“There has to be a process of integration, there has to be a process of cooperation, there has to be a process of strengthening the identities of the coop movements with the respect and the sufficient capacity to know that we are diverse, because according to the sector, according to the region, according to the positive or negative public policy characteristics, the movements acquire a series of identity that have different accents.”
– Daniel Bentancur, President of the Specialized Reunion of Cooperatives of Mercosur, speaking in May 2006 at the inauguration of Venezuela’s National Cooperative Councils (Cencoop) in Caracas.
“Right now we have the most work we’ve ever had,” says Nelsa Inês Fabian Nespolo with a smile. “We’re really doing well.” She leads me up a flight of concrete stairs and we look out on the workspace below—part of a building they acquired a few years ago with a loan from a Spanish NGO. “We’re paying it off in monthly installments, so our coop federation can pass the funds on to another needy cooperative,” she says.
On the far end of the room, three women are cutting a long roll of blue material. Beneath us a pair of middle-aged women sit behind their sewing machines, quietly chatting with one another. Nespolo leads me into another room where four women and the cooperative’s only male member are stenciling letters on to an order of t-shirts being made for a local union.
You can tell this is not your everyday textile business. They stop to welcome us as we enter the room. Someone cracks a joke. Everyone laughs. The atmosphere is relaxed, they go home for lunch, and while their output is more than ever—about 13,000 pieces of clothing per month—they don’t have a time clock or a even a boss hanging over them.
Univens (The “We Will Overcome Cooperative of United Seamstresses”) is a cooperative, formed 14 years ago among three-dozen women in the working class neighborhood, Sarandi in the southern Brazilian city of Porto Alegre. In the beginning they had only a couple of sewing machines, no workspace and no resources. “I could sit here for a whole day telling you about all of our difficulties,” says Nespolo.
The coop now has 26 members who all make the same salary. Decisions are made democratically in their monthly assemblies on the 23rd of the month.
“We discuss everything. It goes through everyone. We don’t decide anything here if we aren’t sure that it’s the best decision for us,” says Nespolo. “We don’t have a problem having two or three meetings to make a decision.”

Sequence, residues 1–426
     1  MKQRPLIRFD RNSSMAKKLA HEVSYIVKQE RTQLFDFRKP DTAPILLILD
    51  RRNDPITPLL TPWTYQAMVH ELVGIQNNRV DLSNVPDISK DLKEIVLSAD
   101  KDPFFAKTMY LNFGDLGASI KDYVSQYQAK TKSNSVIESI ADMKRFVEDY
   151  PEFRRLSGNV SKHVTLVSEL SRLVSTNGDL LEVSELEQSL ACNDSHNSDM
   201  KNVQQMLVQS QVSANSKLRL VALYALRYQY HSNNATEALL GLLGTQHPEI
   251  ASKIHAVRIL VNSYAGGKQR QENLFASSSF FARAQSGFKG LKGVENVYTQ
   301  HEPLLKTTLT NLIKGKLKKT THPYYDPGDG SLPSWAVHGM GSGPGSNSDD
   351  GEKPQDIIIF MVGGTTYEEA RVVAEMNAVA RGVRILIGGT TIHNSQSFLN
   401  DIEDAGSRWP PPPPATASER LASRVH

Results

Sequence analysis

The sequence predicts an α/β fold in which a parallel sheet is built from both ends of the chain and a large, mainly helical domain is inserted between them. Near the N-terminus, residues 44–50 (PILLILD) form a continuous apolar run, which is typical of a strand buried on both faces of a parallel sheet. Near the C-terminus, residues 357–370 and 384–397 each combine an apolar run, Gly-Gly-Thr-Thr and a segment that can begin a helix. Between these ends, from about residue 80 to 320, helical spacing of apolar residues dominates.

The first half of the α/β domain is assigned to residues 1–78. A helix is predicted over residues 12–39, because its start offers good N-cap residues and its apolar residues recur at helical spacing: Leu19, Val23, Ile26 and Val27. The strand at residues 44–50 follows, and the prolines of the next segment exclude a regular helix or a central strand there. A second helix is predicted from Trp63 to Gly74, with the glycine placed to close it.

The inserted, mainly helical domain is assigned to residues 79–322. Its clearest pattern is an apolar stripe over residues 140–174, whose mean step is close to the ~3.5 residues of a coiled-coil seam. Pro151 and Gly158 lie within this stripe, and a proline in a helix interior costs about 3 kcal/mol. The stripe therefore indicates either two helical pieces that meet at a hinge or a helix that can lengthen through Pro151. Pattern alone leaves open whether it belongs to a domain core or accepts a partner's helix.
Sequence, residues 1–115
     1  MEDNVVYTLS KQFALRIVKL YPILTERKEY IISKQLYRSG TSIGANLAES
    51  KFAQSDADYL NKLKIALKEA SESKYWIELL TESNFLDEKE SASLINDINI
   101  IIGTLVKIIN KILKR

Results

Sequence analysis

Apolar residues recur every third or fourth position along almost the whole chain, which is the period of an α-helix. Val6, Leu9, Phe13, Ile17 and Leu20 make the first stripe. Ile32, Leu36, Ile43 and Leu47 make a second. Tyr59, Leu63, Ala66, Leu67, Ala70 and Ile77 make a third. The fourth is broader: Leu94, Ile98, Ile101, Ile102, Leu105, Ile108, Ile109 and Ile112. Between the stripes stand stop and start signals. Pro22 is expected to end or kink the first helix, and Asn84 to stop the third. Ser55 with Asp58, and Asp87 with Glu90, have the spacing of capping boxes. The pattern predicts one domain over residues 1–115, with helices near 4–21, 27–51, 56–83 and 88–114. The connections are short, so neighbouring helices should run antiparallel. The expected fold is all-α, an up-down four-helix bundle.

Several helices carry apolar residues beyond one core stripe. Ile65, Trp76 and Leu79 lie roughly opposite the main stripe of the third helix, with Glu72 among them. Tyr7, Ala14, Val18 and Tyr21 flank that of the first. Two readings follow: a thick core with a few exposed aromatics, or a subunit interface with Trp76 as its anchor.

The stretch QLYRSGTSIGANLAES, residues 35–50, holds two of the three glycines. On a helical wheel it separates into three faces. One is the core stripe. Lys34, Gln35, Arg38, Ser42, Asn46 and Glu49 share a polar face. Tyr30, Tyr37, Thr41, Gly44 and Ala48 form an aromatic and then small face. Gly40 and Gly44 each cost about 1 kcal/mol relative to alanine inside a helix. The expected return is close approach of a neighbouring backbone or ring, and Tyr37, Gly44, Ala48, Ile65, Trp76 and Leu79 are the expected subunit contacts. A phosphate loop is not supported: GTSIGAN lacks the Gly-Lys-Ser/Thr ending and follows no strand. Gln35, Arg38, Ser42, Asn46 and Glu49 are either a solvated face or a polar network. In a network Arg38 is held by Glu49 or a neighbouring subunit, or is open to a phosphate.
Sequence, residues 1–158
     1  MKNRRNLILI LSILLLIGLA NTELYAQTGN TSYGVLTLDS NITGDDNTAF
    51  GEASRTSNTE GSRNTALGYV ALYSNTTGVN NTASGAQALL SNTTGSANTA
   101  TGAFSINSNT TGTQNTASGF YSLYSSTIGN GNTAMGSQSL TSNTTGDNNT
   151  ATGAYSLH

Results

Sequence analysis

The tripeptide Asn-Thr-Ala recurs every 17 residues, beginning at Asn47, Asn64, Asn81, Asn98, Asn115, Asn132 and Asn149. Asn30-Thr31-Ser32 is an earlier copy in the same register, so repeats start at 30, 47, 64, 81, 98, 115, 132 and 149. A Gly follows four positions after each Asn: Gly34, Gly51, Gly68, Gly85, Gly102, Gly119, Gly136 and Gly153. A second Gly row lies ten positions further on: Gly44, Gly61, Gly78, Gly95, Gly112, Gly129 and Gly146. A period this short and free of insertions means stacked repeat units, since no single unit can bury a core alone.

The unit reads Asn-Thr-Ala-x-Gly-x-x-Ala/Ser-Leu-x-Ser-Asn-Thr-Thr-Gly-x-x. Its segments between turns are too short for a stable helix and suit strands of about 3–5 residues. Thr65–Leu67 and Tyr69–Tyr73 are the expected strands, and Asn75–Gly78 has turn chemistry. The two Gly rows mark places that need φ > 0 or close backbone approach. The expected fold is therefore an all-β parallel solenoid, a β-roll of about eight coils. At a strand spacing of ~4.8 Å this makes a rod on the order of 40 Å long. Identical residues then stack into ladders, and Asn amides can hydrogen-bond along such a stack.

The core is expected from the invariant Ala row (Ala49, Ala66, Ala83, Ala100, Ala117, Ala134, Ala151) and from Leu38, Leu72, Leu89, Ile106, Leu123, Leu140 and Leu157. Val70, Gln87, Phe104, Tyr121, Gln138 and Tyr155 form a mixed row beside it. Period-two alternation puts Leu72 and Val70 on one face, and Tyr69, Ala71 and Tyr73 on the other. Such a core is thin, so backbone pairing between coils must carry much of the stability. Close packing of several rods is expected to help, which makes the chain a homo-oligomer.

For it’s cooperative members, Univens may be a dream come true, but it is just one of numerous such experiences in the long history of cooperativism across the region.
Cooperative Beginnings in the Southern Cone
The first co-ops began to form in most South American countries by the beginning of the 20th century, as immigrants sailed across the Atlantic carrying with them cooperative ideals, which intermixed with the communal traditions of many of South America’s indigenous ancestors.
By the 1960s, cooperative sectors surged again as the United States’s international initiative, Alliance for Progress, began to encourage Latin American governments to promote cooperatives to marginalized communities in an attempt to isolate growing support for Cuban-inspired guerrilla movements taking hold across the region.
Ironically, subsequent US-backed South American dictatorships of the 1970s and 1980s did their best to put a can on the sometimes-vibrant coop movements the Alliance program had just helped to encourage. As did the deregulated markets of the neoliberal 1990s, which, advertently or not, pulled the rug out from under some of the oldest co-op experiences in the region.
Then with the 2001 economic crash in Argentina (and to a lesser extent Uruguay and Brazil), recuperated factories, businesses, and worker collectives across the region sprang onto the scene like never before as a means for workers to continue producing even after the factory doors were closed.
“We, the workers began to say, the buildings are here, the machines are here, and so are the workers. The only thing missing is the boss. Let’s continue to produce, and that’s what we did.” says Jose Abelli, co-founders of the Argentina’s National Movement of Recuperated Businesses (MNER) and President of the Argentine Federation of Self-governed Worker Cooperatives (FACTA).
Brazil’s renowned Landless Worker’s Movement (Movimento dos Trabalhadores Rurais Sem Terra – MST) began to form local worker and producer cooperatives among its members in order to sell reasonably priced products through “Agrarian Reform Stores” in order to support their autonomous struggle for land reform in South America’s largest country.